Reactivation of chronic Toxoplasma gondii infection in the brains of immunocompromised individuals results in the development of life-threatening toxoplasmic encephalitis (TE). To improve prevention and management of TE, it is important to understand the immunopathogenesis of the disease. The murine models of TE that we developed provide an excellent opportunity to critically analyze the mechanisms of host defense in the brain. It is well documented that T cells recruited into the brain are an essential source of IFN-3 for prevention of TE. However, it is not known how the host defense functions during the early stage of reactivation of infection before large numbers of T cells enter the brain. This early defense system could be crucial for limiting tachyzoite growth and initiating T cell immunity to prevent TE. We recently found that microglia, which are resident macrophages in the brain parenchyma, produce IFN-3 during the early stage of reactivation. Our studies also suggest that production of IFN-3 by brain-specific cells, in addition to T cells, is required for prevention of TE. Therefore, IFN-3 production by microglia appears to be a novel early defense mechanism essential for prevention of the disease.
The specific aims i n this proposal are designed to define the role of IFN-3 produced by microglia in inhibition of tachyzoites growth, induction of T cell immunity, and prevention of TE. In the first aim, we will examine the inhibitory effects of IFN-3 produced by microglia on tachyzoite proliferation in the brain after reactivation of infection using mice that have IFN-3 production only by microglia.
The second aim i s to determine if IFN-3 production by microglia induces expression of mediators that recruit T cells into the brain. We will examine whether IFN-3 production by microglia induces expression of chemokines in brain cells and adhesion molecules on cerebrovascular endothelial cells. We will then use in vivo T cell migration assays to determine whether IFN-3 production by microglia facilitates infiltration of immune T cells into the brain.
The third aim i s to determine if IFN-3 production by microglia induces expression of MHC molecules for activation of T cells in the brain. In the fourth aim, we will determine the requirement of IFN-3 production by microglia and T cells for prevention of TE. For this purpose, we will purify immune T cells from infected wild-type or IFN-3-deficient mice and transfer these T cells into infected mice that express IFN-3 only by microglia or lack expression of this cytokine. Host mice will be followed for development of TE. We will also examine the role of IFN-3-dependent mediators of T cell recruitment determined in Specific Aim 2 for prevention of TE. The studies in these four specific aims will provide novel and crucial information that allows us to understand how IFN-3-production by microglia enables the host defense system in the brain to prevent TE.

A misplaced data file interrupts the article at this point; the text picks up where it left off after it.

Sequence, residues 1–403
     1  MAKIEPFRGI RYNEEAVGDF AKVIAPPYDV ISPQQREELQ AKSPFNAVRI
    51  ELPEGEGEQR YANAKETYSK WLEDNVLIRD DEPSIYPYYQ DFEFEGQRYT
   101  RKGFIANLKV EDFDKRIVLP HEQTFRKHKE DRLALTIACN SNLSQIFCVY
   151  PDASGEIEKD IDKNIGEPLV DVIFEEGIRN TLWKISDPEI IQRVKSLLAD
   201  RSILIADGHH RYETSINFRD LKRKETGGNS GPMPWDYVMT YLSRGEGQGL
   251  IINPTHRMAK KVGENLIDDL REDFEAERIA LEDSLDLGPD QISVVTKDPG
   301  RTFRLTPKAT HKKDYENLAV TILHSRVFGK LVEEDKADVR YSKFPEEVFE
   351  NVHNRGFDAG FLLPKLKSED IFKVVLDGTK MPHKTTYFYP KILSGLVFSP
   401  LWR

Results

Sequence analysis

Public Health Relevance

Reactivation of chronic Toxoplasma gondii infection in the brains of immunocompromised individuals results in the development of life-threatening toxoplasmic encephalitis (TE). The proposed studies are to analyze how brain cells (microglia) inhibit parasite growth and induce the immune responses to prevent TE. This information will contribute to better understanding of the immunopathogenesis of TE and to improved prevention and management of the disease.

Agency
National Institute of Health (NIH)
Institute
National Institute of Allergy and Infectious Diseases (NIAID)
Type
Research Project (R01)
Project #
5R01AI078756-06
Application #
8294972
Study Section
AIDS-associated Opportunistic Infections and Cancer Study Section (AOIC)
Program Officer
Wali, Tonu M
Project Start
2008-07-03
Project End
2014-06-30
Budget Start
2012-07-01
Budget End
2014-06-30
Support Year
6
Fiscal Year
2012
Total Cost
$358,538
Indirect Cost
$113,513
Name
University of Kentucky
Department
Microbiology/Immun/Virology
Type
Schools of Medicine
DUNS #
939017877
City
Lexington
State
KY
Country
United States
Zip Code
40506